Health Policy Making, a (eu-)regional perspective on participatory approach
After a warm word of welcome, the moderator, Mr Zambon of the WHO Regions for Health Network, presented briefly the well-known Sustainable Development Goals and outlined in an inspiring way how action is needed, from local to global level and from all stakeholders, in order to leave no-one behind. Because "what you do FOR us, WITHOUT us, is not FOR us"!
Mr Fateh-Moghadam, Head of the Health Observatory of the province of Trento, Italy, prepared a video presentation which remains available via this link https://www.youtube.com/watch?v=EYSo0aQiEvw. He explains how the Italian Trentino region set up a health plan, actively using a participatory approach. They made a special effort to leave no one behind and had a midterm evaluation in order to be able to have input from all subgroups of the Trentino population. In this process they gained a lot of good input from their citizens which was included in the final plan.
Ms Geenen of the support office of the euPrevent Foundation, who replaced Ms Schichel of Maastricht University, guided the audience through the project euPrevent Senior Friendly Communities and explained how the participatory approach was implemented at all levels: during the development of the project (different elderly groups were consulted); within the structure of the project (a citizen organisation is a project partner); within the assessments (mystery guests approached the communities and gave feedback); within the implementation (communities were urged to let citizens participate actively).
Ms Van der Zanden, director of the euPrevent Foundation, presented two citizen summits that were held in the Euregio Meuse-Rhine (EMR) to ask for input from the citizens on the topics: equity, participatory approach and human resources for health. These 3 topics were also addressed in the WHO RHN – CoR conference that was held in the EMR in June 2019. By asking for input from the citizens prior to the event, the voice of the citizen was incorporated in the event for professionals.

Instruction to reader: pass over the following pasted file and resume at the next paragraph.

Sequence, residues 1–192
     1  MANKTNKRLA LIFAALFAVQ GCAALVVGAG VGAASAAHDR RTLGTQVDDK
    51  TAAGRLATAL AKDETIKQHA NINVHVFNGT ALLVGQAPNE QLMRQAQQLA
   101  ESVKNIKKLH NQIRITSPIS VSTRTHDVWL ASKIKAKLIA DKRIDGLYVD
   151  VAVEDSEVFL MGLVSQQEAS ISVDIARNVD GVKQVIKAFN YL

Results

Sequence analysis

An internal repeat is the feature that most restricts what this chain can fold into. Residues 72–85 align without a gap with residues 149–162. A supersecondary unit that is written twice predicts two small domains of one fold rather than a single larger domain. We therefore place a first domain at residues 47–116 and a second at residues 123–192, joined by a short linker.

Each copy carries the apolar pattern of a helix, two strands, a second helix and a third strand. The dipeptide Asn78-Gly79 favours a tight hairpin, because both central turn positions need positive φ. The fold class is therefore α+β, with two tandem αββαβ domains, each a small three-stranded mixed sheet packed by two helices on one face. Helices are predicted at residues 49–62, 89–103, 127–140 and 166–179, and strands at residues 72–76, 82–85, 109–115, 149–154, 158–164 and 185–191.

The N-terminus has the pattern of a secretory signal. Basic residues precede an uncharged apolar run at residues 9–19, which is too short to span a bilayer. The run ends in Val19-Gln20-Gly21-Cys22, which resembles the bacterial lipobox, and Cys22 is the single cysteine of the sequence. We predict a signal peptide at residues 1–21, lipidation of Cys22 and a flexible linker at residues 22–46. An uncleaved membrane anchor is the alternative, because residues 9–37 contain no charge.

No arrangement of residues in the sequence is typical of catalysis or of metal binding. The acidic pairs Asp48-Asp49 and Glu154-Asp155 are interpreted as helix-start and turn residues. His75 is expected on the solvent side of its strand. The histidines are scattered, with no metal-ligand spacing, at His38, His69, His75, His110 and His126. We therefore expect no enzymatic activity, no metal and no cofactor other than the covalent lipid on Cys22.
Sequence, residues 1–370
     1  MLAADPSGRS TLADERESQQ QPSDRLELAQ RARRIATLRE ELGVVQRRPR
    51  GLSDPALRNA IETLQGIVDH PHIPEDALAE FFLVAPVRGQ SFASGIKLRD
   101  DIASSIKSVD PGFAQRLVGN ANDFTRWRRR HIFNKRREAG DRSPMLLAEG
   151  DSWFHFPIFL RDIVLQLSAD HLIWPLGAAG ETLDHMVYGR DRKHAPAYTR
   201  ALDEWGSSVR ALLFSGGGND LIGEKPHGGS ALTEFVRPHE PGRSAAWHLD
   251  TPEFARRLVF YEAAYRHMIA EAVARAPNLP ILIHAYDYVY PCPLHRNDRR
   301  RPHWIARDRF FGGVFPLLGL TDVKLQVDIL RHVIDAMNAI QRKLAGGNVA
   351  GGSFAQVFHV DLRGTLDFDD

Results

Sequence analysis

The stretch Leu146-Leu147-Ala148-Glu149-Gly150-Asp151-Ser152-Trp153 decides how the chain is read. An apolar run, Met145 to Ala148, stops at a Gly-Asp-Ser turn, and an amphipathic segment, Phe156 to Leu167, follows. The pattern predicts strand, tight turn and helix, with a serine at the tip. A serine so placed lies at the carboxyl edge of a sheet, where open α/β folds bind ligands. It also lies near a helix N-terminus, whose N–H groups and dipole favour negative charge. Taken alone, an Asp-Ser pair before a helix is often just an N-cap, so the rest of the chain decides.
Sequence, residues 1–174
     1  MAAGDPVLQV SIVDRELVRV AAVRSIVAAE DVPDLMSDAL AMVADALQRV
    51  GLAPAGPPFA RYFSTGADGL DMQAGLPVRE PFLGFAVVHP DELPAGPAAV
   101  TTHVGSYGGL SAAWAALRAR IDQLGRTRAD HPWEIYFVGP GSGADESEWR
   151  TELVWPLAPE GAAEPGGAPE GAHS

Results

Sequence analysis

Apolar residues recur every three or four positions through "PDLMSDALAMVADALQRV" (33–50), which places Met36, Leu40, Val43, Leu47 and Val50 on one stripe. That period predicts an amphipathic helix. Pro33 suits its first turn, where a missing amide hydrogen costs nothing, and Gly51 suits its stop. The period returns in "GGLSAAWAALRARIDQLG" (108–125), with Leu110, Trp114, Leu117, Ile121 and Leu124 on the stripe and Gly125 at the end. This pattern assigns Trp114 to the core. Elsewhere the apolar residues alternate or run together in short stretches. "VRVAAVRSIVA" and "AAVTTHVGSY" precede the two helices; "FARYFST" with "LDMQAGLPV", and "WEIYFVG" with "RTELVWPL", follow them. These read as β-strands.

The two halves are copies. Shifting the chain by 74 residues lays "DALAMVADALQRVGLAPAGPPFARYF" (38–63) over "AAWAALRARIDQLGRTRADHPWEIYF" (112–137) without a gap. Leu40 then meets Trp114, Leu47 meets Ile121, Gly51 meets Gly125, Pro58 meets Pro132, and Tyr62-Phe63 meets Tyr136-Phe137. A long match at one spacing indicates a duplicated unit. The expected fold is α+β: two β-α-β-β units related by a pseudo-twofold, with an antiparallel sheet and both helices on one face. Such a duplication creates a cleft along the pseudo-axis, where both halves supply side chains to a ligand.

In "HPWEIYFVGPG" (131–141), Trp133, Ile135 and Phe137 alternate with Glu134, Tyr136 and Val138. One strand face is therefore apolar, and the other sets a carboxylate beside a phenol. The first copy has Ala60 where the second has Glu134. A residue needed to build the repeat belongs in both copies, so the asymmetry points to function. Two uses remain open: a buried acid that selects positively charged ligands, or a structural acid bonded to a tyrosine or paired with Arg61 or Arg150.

Ms van Dijk of the Flanders Agency for Care and Health, explained how the Flanders region worked out a new primary health care plan, together with all stakeholders, using a participatory approach on all levels. She showed how, by going slow in the beginning and involving all stakeholders, the commitment towards the plan grows. This way the implementation is supported by a bigger group of stakeholders.
Take away message
Involve citizens into policy development as real experts, on all levels. Not as an extra, as a real asset. That requires time, budget and above all a clear vision on who needs to be involved and how. If necessary, hire an expert organisation, such as EPECS, to help you implement a participatory approach. If you do not set it up in a fundamental way, you will not be able to use the outcome sufficiently and loose citizens’ involvement.
P. Fateh-Moghadam: ‘Make sure you leave no one behind. Track who you are reaching with your participatory approach and make a special effort, if necessary, to reach those left behind.’
A. Geenen: “Participatory approach is not something you do as an aside. It should be a fundamental decision and is part of every level of your plan or project.”
M. van Dijk: ‘It seems that a participatory approach takes a lot of time. That is true, but it also gains a lot of support in the long run.’
Ms van der Zanden: "Make sure that – when you present a project idea or initiative with the topics potential partners are keen on – you incorporate the participatory approach. Make it a “package deal”. By doing so the participatory approach will always be included, meaning: the citizens will always be involved."
F. Zambon: “Action is needed in order to reach the Sustainable Development Goals. But ‘what you do FOR us, WITHOUT us is not FOR us'. So, always use a participatory approach.”